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Mandatory Cost Sharing May Return for Some NSF Programs

September 02, 2009

Offering some good news for universities and companies looking for funding, the National Science Board (NSB) has recommended the elimination of any evidence of voluntary cost share from most grant proposals to the National Science Foundation (NSF). However, the board recommended mandatory cost matching should be reinstated in a handful of initiatives, including its Engineering Research Centers (ERC) program, its Industry/University Cooperative Research Centers (I/UCRC) program, and its EPSCoR program.

The return of mandatory matching funds may present a mixed bag for state and university TBED policies in an era of shrinking financial resources. States that have programs in place to match federal research grants are well positioned strategically to support those opportunities that may provide the fit with the state's tech-based economic development goals. States without matching-grant mechanisms already established may need to expand their portfolio of programs if growing the research enterprise is one of their TBED priorities.

These recommendations and several others are included in the new NSB report, Investing in the Future: NSF Cost Sharing Policies for a Robust Federal Research Enterprise, released last month. Passed by Congress in 2007, the America COMPETES Act contained a charge to the NSB to examine the consequences of its 2004 decision to eliminate mandatory cost sharing requirements across all NSF programs.

There were several reasons for the removal of mandatory cost sharing, the report explains. Mandatory cost sharing was seen as a potential barrier that made institutions with fewer resources ineligible to apply for certain programs. In terms of merit review and the proposal process, it also was desired to eliminate any influence mandatory cost sharing had on the selection of NSF awardees. Additionally, removing mandatory cost sharing allowed for uniformity across NSF programs and reduced the need for institutions to undertake additional administrative functions such as tracking and reporting.

However, some NSF initiatives were reported to be negatively impacted by this change, especially those based on partnerships requiring both industry and university participation and those requiring continual funding for long-range and large-scale research and infrastructure projects.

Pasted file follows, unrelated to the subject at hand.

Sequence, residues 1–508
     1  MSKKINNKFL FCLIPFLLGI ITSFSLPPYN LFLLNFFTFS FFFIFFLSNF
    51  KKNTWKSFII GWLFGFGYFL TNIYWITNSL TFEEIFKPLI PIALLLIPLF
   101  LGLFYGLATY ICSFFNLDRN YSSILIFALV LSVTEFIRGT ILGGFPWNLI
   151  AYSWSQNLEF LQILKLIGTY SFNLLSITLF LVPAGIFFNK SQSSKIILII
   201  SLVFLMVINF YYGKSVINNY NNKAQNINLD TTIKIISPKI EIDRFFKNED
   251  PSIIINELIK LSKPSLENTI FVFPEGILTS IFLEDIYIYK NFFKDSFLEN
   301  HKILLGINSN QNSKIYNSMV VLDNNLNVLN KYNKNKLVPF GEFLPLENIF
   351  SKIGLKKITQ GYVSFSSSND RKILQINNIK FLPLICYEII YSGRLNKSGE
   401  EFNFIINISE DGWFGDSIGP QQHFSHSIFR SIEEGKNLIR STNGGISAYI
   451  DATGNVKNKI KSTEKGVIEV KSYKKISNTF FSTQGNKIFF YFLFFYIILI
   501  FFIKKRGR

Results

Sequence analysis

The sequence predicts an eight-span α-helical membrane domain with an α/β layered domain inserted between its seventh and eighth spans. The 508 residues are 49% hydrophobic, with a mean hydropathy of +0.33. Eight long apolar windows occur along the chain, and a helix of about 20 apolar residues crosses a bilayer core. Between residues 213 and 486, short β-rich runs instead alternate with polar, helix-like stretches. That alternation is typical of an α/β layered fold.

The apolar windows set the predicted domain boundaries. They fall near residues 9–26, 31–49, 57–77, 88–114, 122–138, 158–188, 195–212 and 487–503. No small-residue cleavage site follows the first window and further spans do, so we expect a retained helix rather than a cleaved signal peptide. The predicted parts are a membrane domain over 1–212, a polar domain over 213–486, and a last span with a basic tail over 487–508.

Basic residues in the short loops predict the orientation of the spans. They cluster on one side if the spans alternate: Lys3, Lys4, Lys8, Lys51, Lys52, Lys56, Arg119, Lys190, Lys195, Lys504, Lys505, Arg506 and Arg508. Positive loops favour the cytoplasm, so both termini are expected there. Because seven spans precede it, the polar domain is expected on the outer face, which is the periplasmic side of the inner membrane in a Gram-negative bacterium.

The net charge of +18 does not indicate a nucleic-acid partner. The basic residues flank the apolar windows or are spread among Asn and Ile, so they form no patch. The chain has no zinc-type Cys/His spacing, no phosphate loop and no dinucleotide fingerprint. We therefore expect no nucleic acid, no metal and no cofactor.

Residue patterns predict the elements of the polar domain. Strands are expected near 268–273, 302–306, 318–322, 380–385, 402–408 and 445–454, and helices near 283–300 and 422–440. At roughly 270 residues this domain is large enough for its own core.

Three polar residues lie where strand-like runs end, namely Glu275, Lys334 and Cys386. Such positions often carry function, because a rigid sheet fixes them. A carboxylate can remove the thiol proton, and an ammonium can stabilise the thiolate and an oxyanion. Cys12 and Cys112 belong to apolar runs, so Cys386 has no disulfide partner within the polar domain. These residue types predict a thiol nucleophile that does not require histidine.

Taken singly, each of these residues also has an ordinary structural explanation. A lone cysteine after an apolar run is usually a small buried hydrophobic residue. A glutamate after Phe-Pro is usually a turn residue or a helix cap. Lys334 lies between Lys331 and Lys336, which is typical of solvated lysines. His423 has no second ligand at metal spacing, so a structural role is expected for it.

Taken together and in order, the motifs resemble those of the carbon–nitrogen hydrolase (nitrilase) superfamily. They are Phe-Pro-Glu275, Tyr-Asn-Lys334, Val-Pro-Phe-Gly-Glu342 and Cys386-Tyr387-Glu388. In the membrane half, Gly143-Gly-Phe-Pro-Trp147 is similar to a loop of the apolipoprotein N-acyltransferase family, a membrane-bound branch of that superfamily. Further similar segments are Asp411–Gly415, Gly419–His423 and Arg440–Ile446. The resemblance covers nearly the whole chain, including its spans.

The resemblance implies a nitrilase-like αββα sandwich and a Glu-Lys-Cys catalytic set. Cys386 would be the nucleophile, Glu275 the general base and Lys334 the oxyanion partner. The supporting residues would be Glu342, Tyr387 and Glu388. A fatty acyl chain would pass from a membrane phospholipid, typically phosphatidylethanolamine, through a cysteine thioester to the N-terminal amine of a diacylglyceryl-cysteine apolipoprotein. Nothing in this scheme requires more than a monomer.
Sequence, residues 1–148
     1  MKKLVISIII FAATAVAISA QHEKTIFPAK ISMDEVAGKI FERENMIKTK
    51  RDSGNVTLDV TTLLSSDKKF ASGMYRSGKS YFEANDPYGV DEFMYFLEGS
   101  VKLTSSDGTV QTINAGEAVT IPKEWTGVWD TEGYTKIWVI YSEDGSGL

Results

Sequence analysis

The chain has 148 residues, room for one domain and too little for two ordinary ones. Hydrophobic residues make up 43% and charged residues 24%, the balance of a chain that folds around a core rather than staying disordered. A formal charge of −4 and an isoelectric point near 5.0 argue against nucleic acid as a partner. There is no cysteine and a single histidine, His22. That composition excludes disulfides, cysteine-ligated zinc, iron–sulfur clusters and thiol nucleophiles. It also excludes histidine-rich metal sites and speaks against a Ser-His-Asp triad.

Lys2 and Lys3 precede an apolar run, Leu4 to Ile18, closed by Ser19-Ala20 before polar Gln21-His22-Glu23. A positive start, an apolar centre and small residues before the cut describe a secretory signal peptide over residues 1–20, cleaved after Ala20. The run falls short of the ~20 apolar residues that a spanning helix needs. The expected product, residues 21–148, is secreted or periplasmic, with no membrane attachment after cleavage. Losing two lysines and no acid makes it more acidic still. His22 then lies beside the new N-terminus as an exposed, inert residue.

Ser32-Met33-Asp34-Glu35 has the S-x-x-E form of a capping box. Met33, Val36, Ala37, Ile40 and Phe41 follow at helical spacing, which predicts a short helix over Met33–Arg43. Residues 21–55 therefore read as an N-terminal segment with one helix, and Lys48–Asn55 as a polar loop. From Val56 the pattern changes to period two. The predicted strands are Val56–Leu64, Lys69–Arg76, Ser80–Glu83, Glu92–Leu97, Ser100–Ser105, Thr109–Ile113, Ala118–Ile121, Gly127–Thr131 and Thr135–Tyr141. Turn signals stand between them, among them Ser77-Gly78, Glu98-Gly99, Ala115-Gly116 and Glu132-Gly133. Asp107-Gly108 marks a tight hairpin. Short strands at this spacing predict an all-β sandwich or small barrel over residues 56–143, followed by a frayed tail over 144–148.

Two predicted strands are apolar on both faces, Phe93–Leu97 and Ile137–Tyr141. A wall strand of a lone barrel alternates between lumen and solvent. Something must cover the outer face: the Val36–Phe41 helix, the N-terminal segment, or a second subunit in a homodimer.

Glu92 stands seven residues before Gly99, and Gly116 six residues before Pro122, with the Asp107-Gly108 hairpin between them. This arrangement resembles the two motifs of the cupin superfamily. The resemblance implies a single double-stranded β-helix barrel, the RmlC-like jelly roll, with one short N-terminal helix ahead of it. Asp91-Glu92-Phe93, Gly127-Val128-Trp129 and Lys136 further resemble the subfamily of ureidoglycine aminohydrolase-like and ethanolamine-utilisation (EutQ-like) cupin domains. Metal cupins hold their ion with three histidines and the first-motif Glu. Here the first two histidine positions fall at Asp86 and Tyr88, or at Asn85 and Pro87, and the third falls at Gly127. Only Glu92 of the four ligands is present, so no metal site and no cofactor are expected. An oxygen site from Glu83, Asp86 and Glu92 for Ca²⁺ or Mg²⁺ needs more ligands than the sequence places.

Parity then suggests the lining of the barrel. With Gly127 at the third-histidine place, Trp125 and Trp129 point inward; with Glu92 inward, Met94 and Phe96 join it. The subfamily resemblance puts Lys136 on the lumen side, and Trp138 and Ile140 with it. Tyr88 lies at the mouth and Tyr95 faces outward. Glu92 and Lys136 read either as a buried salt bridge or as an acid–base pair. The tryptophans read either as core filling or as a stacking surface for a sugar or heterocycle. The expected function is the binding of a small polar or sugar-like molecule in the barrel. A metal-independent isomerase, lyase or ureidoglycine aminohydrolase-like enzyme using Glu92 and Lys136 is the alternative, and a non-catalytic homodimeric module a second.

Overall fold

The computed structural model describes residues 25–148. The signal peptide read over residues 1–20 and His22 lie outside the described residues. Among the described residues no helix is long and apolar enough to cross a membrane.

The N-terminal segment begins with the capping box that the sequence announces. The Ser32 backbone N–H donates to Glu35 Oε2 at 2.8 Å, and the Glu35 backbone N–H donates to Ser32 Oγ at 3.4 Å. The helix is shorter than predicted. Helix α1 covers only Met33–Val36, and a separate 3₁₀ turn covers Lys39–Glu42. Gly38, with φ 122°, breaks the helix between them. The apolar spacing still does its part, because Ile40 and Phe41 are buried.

While the NSB is recommending instances in which mandatory cost sharing should be revived, the board also continued to embrace issues of equity by encouraging the removal of all voluntary cost sharing, especially as institutions are able to insert their ability to pay additional funds if chosen.

While most of the report focuses on cost sharing issues, it also briefly examines the cap placed on institutions seeking to claim indirect costs. Since the 26 percent reimbursement limit was set in 1991, compliance and administrative costs have changed, as have various regulations and safety issues. The NSB recommended further research be performed to determine if the cap should be adjusted.

Investing in the Future: NSF Cost Sharing Policies for a Robust Federal Research Enterprise is available at: http://www.nsf.gov/pubs/2009/nsb0920/index.jsp.

Future of University TBED Involvement A Key Theme at SSTI's Annual Conference
The role of universities in innovation and regional innovation is going through one of its most dramatic periods of change. As a result, SSTI is dedicating three sessions at our upcoming conference to explore the evolution of several fundamental aspects of university-based TBED: universities as drivers for growth, university leadership and engagement in regional economic development, and moving beyond traditional technology transfer and university commercialization efforts. In addition, we'll hear examples of award-winning approaches to TBED involving universities and colleges. Learn more about the upcoming SSTI national conference at http://www.ssticonference.org/.

Kansas, Virginia